ERC Starting Grant awarded to Helene Knævelsrud
In her new project, FINALphagy, Knævelsrud will study how autophagy is turned off in the body. One of the aims of her research is that it should be applicable in the development of new forms of cancer treatment.
– This award gives me the opportunity to try out new and slightly wild ideas that can give us a completely new understanding of autophagy, Helene Knævelsrud says. Image: Øystein Horgmo, UiO.
– It is a great pleasure and an honor to be awarded the ERC Starting Grant, Helene Knævelsrud says proudly.
She is a researcher at CanCell - Centre for Cancer Cell Reprogramming, a Norwegian Centre of Excellence at the Faculty of Medicine, University of Oslo, and Oslo University Hospital.
She has now been awarded 1,5 million Euros from the European Research Council (ERC) for her project FINALphagy: Final act of the autophagy symphony: Whole-organism orchestration of autophagy termination.
– This award gives me the opportunity to try out new and slightly wild ideas that can give us a completely new understanding of autophagy, the researcher says.
Wants to find out how autophagy can be switched off in the body
Autophagy means "self-eating» and is a process that all the cells in our body use to recycle their own damaged or redundant parts. In her project, Knævelsrud will explore how the body itself can regulate the process of turning autophagy on and off.
– So far, we know much about how autophagy is turned on, for example during starvation. But much less is known about how autophagy is switched off again. In particular, we would like to find out how this is controlled in different parts of the body and adjusted between different organs, Knævelsrud says.
In her research, she uses the Drosophila melanogaster fly, also known as the fruit fly.
– I have tools that allow me to manipulate and study autophagy in various organs and tissues in the larvae of the fruit fly, she says.
New knowledge about autophagy can be applied in future treatment
More knowledge about autophagy can be an important piece in the development of new forms of treatment of various diseases. Knævelsrud is a basic researcher. Even so, one of the aims of her research is to contribute to new treatment options for cancer.
– Since autophagy plays a role in many different diseases, this can also potentially be used in future treatment of other diseases, she says, and adds:
– Perhaps it could be useful to be able to adjust how quickly autophagy is turned off in connection with cancer treatment? Or perhaps in treatment aimed at neurodegenerative diseases?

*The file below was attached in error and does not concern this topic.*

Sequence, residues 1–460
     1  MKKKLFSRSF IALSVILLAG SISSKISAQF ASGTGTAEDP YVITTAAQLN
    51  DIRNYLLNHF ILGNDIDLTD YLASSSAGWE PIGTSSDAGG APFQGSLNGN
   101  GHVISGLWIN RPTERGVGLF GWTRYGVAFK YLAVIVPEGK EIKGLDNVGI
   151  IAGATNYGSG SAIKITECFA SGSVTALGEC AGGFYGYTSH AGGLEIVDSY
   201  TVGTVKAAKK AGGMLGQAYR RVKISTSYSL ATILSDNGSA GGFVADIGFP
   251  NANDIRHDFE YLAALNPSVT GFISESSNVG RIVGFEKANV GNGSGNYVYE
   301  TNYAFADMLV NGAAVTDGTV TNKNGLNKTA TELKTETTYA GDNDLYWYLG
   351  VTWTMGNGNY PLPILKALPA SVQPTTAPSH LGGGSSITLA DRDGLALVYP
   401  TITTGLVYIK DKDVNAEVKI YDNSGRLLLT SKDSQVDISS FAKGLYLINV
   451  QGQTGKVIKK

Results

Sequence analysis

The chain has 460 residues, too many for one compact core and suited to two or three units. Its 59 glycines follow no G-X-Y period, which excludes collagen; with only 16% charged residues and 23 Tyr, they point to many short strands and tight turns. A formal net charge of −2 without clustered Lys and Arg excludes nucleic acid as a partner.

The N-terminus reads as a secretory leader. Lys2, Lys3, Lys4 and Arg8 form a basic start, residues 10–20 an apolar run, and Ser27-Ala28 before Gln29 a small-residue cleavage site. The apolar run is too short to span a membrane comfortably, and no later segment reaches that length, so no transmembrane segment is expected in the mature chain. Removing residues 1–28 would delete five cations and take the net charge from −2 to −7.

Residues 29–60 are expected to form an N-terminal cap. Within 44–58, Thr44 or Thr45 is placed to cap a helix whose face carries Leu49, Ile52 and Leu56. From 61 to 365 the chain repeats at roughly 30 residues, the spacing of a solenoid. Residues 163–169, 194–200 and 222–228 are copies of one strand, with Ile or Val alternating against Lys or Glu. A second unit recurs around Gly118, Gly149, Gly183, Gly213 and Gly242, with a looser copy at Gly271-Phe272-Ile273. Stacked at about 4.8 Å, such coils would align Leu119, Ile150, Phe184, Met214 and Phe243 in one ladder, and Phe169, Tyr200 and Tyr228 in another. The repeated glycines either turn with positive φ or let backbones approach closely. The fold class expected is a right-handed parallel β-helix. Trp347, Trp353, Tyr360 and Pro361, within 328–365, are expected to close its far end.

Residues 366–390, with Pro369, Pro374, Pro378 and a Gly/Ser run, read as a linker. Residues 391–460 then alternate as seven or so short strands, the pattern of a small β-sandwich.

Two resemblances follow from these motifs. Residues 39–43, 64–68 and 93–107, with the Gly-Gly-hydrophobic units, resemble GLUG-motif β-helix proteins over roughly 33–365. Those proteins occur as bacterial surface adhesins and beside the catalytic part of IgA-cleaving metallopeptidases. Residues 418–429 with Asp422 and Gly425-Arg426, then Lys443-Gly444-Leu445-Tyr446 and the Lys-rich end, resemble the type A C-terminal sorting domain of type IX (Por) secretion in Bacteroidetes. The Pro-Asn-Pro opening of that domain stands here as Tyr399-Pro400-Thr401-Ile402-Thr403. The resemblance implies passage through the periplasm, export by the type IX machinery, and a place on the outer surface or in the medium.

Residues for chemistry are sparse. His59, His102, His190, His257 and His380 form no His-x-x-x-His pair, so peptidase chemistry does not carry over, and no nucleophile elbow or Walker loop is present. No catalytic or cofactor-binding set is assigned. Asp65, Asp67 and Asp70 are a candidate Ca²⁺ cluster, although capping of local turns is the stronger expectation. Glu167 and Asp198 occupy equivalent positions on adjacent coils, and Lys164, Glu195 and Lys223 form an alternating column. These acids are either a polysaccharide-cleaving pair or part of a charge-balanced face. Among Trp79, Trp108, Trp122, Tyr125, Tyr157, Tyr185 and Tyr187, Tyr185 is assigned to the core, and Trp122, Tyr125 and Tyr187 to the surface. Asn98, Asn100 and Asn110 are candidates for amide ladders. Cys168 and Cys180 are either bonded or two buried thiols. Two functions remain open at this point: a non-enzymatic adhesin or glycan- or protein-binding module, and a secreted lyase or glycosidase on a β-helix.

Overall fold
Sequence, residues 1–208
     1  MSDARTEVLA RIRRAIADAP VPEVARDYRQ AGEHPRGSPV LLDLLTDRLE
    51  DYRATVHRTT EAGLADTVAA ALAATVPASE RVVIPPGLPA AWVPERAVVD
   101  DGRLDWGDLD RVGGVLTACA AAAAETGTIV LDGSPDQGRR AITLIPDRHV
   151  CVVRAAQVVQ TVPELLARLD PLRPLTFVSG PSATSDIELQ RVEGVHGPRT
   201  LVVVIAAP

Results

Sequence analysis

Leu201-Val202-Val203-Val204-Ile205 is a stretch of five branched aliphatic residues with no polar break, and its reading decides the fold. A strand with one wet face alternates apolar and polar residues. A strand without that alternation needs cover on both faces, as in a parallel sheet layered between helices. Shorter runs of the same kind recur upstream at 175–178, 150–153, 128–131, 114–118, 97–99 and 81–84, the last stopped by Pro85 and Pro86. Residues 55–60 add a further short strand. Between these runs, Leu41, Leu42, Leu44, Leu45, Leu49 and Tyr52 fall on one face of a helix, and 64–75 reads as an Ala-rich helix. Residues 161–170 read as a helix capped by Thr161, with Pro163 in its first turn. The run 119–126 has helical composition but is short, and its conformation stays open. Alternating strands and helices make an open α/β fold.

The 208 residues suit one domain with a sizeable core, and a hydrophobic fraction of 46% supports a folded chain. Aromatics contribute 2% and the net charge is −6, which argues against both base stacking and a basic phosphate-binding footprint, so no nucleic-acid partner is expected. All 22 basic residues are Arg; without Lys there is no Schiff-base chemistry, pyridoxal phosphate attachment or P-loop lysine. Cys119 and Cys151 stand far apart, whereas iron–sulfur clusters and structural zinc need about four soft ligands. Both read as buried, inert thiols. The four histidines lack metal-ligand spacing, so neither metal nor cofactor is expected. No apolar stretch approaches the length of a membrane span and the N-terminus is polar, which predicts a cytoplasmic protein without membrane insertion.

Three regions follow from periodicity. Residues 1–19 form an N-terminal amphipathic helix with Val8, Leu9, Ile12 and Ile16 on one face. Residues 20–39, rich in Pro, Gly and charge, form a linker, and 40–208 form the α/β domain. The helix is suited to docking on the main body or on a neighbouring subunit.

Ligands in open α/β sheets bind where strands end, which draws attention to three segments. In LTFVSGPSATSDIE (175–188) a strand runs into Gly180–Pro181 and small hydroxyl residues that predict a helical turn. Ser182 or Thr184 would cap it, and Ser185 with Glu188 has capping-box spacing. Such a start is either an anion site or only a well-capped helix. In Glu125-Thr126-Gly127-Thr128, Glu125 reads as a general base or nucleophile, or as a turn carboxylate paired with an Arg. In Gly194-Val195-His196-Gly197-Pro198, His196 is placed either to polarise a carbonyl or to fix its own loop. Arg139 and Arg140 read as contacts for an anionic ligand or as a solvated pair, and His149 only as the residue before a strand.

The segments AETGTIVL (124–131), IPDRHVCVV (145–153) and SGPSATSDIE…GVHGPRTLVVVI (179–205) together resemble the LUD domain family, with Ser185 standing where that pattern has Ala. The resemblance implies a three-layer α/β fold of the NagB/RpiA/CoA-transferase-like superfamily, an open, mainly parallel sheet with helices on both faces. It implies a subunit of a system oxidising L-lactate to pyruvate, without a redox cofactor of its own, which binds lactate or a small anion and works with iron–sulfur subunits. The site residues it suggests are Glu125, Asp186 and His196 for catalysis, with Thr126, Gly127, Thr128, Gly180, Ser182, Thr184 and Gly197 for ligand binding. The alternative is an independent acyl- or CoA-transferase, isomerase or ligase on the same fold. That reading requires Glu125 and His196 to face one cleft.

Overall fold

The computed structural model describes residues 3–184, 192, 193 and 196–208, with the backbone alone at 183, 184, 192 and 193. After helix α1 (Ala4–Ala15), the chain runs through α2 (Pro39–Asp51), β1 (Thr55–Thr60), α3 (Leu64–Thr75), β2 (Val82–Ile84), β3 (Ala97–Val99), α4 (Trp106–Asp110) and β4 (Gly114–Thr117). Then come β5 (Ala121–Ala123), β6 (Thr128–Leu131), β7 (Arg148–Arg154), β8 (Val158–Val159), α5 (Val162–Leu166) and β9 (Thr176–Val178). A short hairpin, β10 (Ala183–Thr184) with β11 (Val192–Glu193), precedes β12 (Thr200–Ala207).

A prestigious award
ERC Starting Grants are awarded to researchers two to seven years after completing their doctorate degree. The researchers must have shown potential for independent research and demonstrated a high degree of scientific maturity. Grants are awarded on the basis of excellent research and innovative potential.
– On behalf of the Faculty of Medicine, I congratulate Helene Knævelsrud on the ERC Starting Grant. We are very proud and happy that Helene has received this prestigious award, Jens Petter Berg, the Pro-dean for research says.
He also congratulates Knævelsrud's research environment at CanCell in his greeting.
– Congratulations also to the research communities at CanCell. The award shows that the Norwegian Centres of Excellence, with their focus on long-term and basic research, pays off and lays the foundation for research careers in fierce international competition for research funds. Helene Knævelsrud has acquired an excellent starting point for advanced studies of autophagy, and I wish her the best of luck with the projects, Berg says.
CanCell hosts several promising younger researchers
CanCell’s research focuses on identifying cancer cells' "Achilles' heels". The Centre develops methods to exploit these weak points with the aim of reprogramming cancer cells to become harmless. The Centre has also invested heavily in career building for younger researchers.
– Helene Knævelsrud comes from a strong research environment at CanCell, where she is a representative of a new generation of younger researchers who are now establishing themselves. The project uses basic medical research to understand (a small part of) the cancer puzzle. In recent years, the Institute of Clinical Medicine has taken targeted action to submit more ERC applications. We hope that this award to Helene Knævelsrud marks the start of a trend where more researchers from the Institute win ERC grants, Deputy Head of Institute Shuo-Wang Qiao says.